Nearly 500 years after a Roman Catholic priest named Martin Luther famously broke with the Vatican by nailing a list of grievances to a German cathedral door, Catholicism's headquarters city will honor Luther with a square named for him.
"Piazza Martin Lutero" will be dedicated Sept. 16. It's located on the Oppian Hill, along Fortunato Mizzi Avenue, about 3.7 miles (6 kilometers) from the entrance to Vatican City.
The move comes about five centuries after Luther, then an Augustinian monk, visited Rome to bring a complaint to the Pope. The evangelical website Riforma.it (original in Italian) states biographers differ on whether Luther was affected by the corruption he found in the Eternal City. But by the time he posted his "95 Theses" in 1517, he was clearly no fan of the Papal system.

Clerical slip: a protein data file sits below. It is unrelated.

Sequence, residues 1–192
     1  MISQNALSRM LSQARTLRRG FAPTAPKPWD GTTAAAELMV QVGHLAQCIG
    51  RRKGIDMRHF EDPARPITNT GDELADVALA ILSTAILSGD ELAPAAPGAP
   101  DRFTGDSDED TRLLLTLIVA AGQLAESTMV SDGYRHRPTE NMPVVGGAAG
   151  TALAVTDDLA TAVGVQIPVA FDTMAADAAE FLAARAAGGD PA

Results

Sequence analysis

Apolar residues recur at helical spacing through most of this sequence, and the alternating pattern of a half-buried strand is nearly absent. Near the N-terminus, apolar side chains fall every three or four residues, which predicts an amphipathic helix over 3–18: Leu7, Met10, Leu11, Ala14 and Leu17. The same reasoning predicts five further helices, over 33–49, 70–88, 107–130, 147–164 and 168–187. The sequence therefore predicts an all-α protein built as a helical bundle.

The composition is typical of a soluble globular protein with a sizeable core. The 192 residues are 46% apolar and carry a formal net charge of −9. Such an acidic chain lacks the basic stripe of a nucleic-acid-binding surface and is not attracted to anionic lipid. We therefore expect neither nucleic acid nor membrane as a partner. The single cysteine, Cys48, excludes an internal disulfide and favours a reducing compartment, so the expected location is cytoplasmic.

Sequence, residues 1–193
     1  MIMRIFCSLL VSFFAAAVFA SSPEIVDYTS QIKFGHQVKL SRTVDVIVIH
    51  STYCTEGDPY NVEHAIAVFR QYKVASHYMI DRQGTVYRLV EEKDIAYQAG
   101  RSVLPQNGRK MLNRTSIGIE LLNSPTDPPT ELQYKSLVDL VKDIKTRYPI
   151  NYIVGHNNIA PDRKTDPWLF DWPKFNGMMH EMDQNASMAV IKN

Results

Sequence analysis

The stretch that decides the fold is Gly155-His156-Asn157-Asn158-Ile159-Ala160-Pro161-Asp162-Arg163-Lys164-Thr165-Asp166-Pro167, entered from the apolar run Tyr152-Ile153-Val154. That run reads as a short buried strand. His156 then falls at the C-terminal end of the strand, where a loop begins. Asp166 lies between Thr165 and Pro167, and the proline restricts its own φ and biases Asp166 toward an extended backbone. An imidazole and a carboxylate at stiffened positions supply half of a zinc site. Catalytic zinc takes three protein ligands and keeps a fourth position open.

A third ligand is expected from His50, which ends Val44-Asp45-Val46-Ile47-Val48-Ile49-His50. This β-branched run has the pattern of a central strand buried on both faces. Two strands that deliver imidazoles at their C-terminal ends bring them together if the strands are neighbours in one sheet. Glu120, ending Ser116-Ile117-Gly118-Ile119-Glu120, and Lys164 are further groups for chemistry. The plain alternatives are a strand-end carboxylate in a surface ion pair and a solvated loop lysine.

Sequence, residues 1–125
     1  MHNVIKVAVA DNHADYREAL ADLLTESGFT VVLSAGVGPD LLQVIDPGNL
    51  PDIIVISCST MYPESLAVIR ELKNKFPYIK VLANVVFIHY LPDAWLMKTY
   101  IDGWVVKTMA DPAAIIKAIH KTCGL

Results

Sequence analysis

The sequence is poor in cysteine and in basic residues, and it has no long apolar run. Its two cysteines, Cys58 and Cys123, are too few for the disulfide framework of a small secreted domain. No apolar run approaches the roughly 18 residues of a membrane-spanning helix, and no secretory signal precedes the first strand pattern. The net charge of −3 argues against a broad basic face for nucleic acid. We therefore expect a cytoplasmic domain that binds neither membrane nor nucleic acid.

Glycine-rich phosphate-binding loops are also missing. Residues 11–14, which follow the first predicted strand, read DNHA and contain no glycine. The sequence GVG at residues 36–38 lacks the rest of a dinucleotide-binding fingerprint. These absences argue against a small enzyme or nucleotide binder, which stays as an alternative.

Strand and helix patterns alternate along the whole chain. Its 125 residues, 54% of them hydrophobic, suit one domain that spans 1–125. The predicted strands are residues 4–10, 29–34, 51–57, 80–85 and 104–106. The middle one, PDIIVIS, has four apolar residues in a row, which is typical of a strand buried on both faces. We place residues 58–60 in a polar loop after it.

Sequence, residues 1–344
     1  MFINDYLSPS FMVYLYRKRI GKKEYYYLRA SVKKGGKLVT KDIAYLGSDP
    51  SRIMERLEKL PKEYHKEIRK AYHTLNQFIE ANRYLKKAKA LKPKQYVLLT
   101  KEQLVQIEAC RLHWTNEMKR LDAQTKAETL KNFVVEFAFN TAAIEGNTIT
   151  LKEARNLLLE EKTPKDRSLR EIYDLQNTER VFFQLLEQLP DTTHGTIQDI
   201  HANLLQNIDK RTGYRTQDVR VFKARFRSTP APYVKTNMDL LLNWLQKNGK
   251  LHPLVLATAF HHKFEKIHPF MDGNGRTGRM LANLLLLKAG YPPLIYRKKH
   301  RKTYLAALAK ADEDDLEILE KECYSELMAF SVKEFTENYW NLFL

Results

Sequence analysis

In a letter to Pope Leo X, who ultimately excommunicated Luther, the reformer wrote, "The Church of Rome, formerly the most holy of all Churches, has become the most lawless den of thieves, the most shameless of all brothels, the very kingdom of sin, death, and hell; so that not even antichrist, if he were to come, could devise any addition to its wickedness."
It would appear that in the case of Luther, time has indeed healed all — or almost all — wounds. Vatican press office deputy director the Rev. Ciro Benedettini told Religion News Service the designation is "a decision taken by Rome city hall which is favorable to Catholics in that it’s in line with the path of dialogue started with the ecumenical council," which referred to a gathering of churchmen to rule on faith matters.